1. DTMark says:


      Looking at Hampshire today to see how many had registered for superfast broadband, unsurprisingly since Hants is 85% rural by geography the maps are just full of endless little blobs of registrations all over the place.

      In terms of technology, how has East Hants sought to achieve the “90% can get superfast broadband @ 25Mbps or better” on a case by case basis?

      The BT FTTC option suffices as long as the cabinet is very near the property and the phone line is good quality both of which are a bit of an ask, but assuming that technology could supply superfast broadband to say half the population, how does East Hants, as a body, go about fulfilling the needs of the other half with the market as it is (immature?)

    2. New_Londoner says:

      Thankfully the problem of what tech to use to deliver the level of service specified by the county council will be down to the bidders when they respond to the tender.

  3. Deduction says:

    Agree with Chris and the end of the story. European Commission is too late, EU funding has already been wasted in this country and others on half baked measures like FTTC which will NEVER deliver 100Mbps and higher to EVERYONE that has it available. FTTC is not and never will be a fixed or consistent speed offering.

    If you look at things as they stand BT and FTTC with regards to EU funding should had not got any. Because FTTC in the UK in NO way shape or form guarantees 25-30Mbps. The minimum BT guarantee from it is 15Mbps and in some cases only 5Mbps. Given that, new rules or not this country already fails at Europe’s Digital Agenda.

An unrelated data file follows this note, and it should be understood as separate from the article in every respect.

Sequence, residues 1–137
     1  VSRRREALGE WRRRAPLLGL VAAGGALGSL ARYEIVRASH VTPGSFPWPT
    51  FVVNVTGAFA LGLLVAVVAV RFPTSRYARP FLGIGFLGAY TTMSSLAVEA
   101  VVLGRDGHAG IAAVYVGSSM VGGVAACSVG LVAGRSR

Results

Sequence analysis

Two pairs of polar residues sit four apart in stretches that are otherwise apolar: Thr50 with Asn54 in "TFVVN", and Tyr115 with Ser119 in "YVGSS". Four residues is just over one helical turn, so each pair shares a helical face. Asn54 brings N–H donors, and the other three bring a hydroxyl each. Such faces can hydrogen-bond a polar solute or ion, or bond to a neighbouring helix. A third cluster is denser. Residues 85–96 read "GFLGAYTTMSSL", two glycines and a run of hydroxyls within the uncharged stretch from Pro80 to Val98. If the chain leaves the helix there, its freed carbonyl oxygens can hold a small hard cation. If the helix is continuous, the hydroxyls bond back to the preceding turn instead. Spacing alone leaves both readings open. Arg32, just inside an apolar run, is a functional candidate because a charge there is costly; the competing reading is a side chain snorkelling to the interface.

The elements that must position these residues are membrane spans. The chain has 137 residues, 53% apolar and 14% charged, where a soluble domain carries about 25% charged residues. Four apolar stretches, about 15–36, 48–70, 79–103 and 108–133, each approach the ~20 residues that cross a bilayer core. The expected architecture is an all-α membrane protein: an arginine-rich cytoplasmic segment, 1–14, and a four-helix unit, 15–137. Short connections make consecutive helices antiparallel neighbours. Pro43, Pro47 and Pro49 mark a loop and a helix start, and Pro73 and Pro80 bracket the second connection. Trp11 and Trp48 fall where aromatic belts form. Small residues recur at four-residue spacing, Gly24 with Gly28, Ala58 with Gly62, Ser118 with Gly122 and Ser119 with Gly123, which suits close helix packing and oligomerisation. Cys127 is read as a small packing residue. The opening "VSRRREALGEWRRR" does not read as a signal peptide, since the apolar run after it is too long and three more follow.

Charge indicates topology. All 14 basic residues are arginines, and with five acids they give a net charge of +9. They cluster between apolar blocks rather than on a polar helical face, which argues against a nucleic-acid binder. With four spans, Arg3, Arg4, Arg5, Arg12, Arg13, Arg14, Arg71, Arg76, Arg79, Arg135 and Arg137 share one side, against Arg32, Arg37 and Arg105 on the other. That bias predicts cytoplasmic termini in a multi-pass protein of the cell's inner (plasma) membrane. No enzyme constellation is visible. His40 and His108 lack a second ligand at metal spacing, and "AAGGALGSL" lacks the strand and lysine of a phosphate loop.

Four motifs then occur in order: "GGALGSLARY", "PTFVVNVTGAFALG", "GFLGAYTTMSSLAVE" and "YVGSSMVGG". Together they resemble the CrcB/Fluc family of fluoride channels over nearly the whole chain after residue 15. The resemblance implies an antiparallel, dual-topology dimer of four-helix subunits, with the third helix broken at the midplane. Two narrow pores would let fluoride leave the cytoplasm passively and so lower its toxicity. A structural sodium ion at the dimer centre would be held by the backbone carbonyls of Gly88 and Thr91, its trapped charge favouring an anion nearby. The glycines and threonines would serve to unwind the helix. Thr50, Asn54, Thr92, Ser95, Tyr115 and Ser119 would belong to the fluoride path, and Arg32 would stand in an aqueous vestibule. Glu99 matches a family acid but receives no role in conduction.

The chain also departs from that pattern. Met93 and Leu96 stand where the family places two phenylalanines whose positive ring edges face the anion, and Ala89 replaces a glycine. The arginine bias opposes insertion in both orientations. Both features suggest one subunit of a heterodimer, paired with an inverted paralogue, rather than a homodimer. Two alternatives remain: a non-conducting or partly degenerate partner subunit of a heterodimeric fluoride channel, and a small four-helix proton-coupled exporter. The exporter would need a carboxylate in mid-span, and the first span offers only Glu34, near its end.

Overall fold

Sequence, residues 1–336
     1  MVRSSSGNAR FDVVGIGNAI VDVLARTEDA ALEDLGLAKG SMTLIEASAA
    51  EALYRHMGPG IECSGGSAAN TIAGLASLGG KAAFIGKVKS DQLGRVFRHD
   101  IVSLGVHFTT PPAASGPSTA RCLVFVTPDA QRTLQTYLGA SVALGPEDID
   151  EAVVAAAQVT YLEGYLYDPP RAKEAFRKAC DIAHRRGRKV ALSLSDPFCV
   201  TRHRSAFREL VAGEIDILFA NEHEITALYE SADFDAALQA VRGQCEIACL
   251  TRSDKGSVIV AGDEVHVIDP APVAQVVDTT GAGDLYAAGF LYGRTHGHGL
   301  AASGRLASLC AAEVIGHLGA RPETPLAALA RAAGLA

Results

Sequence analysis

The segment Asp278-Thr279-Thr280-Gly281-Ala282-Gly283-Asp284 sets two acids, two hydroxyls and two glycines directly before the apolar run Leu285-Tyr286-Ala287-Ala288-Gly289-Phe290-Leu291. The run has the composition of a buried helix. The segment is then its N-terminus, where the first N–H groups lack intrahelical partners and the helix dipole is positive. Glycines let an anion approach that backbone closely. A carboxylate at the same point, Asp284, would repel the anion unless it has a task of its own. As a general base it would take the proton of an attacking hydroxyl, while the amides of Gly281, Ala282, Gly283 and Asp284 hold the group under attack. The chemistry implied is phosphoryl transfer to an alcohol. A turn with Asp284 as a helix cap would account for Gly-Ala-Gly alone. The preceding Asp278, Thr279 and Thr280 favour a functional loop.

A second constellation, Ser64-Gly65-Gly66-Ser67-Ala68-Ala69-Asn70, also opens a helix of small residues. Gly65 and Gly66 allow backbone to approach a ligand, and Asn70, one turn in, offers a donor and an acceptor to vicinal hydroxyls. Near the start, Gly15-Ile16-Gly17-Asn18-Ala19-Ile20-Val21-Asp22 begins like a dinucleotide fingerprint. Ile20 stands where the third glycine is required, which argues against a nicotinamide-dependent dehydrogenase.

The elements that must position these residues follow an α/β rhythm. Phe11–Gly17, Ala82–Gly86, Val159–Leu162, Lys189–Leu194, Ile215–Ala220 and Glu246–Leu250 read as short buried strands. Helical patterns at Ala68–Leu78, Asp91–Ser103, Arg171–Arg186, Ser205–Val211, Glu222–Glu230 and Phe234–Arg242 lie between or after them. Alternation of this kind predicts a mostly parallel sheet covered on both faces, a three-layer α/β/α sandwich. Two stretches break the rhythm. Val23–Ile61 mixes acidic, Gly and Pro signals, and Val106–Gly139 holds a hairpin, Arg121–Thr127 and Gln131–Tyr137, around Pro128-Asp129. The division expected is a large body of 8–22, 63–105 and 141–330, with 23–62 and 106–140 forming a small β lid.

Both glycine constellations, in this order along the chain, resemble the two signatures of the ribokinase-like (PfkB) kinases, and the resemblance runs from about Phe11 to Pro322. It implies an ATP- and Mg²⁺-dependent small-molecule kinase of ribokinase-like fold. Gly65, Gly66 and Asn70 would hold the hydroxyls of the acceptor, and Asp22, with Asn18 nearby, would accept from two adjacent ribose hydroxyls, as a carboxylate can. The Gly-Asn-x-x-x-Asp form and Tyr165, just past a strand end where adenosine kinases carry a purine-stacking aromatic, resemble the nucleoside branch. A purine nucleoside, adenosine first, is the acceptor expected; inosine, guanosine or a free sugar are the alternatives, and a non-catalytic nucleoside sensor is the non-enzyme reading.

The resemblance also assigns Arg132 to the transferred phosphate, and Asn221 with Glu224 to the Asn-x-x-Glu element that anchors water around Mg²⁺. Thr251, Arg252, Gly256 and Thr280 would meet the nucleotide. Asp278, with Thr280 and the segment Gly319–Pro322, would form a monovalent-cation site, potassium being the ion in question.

1. New_Londoner says:

      Suggest you look at what bandwidth is guaranteed on most FTTP networks, as it makes interesting reading. For example, IIRC B4RN has around 15Mb per user, based on target numbers and the published backhaul spec. Despite your cynicism, Ofcom’s stats showed average speeds of > 32Mb on FTTC, and that was before the Profile 17a upgrade.

      Having high sync speed is irrelevant if the throughput is throttled by the backhaul, or by local congestion – just ask cable customers!

    2. Is it too late? says:

      You seem to be concentrating on technology. The interesting point about this development is the conditions that the EU is placing on State Aid clearance. There is nothing in the LBPs that defines technology. The issue with the BDUK framework is the restriction it has placed on alt net operators taking part. Only a few counties have actually started their procurement and fewer still completed it and all of them are waiting for state aid clearance.

      If the EU decide that the restrictive nature of the procurement process does not meet their requirements (and therefore withhold State Aid clearance) then the procurements will have to be undertaken again, and possibly the framework dismantled, allowing alternative network operators to bid for funding.

    3. Deduction says:

      Considering BT are duplicating 90% of B4RNs footprint that argument is laughable.

      Which Ofcom stats? Ones ive seen show the Average speed for BT products remains well below even 10Mb.